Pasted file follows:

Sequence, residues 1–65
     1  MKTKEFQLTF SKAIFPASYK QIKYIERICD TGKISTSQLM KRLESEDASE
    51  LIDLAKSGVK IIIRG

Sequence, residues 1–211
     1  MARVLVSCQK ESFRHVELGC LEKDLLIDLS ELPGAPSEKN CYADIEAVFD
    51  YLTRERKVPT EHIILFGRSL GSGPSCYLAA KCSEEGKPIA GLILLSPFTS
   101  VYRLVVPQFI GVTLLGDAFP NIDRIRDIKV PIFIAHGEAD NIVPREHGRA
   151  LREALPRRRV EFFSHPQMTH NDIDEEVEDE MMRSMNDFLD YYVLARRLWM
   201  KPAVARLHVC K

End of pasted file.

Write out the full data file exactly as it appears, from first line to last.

Sequence, residues 1–65
     1  MKTKEFQLTF SKAIFPASYK QIKYIERICD TGKISTSQLM KRLESEDASE
    51  LIDLAKSGVK IIIRG

Sequence, residues 1–211
     1  MARVLVSCQK ESFRHVELGC LEKDLLIDLS ELPGAPSEKN CYADIEAVFD
    51  YLTRERKVPT EHIILFGRSL GSGPSCYLAA KCSEEGKPIA GLILLSPFTS
   101  VYRLVVPQFI GVTLLGDAFP NIDRIRDIKV PIFIAHGEAD NIVPREHGRA
   151  LREALPRRRV EFFSHPQMTH NDIDEEVEDE MMRSMNDFLD YYVLARRLWM
   201  KPAVARLHVC K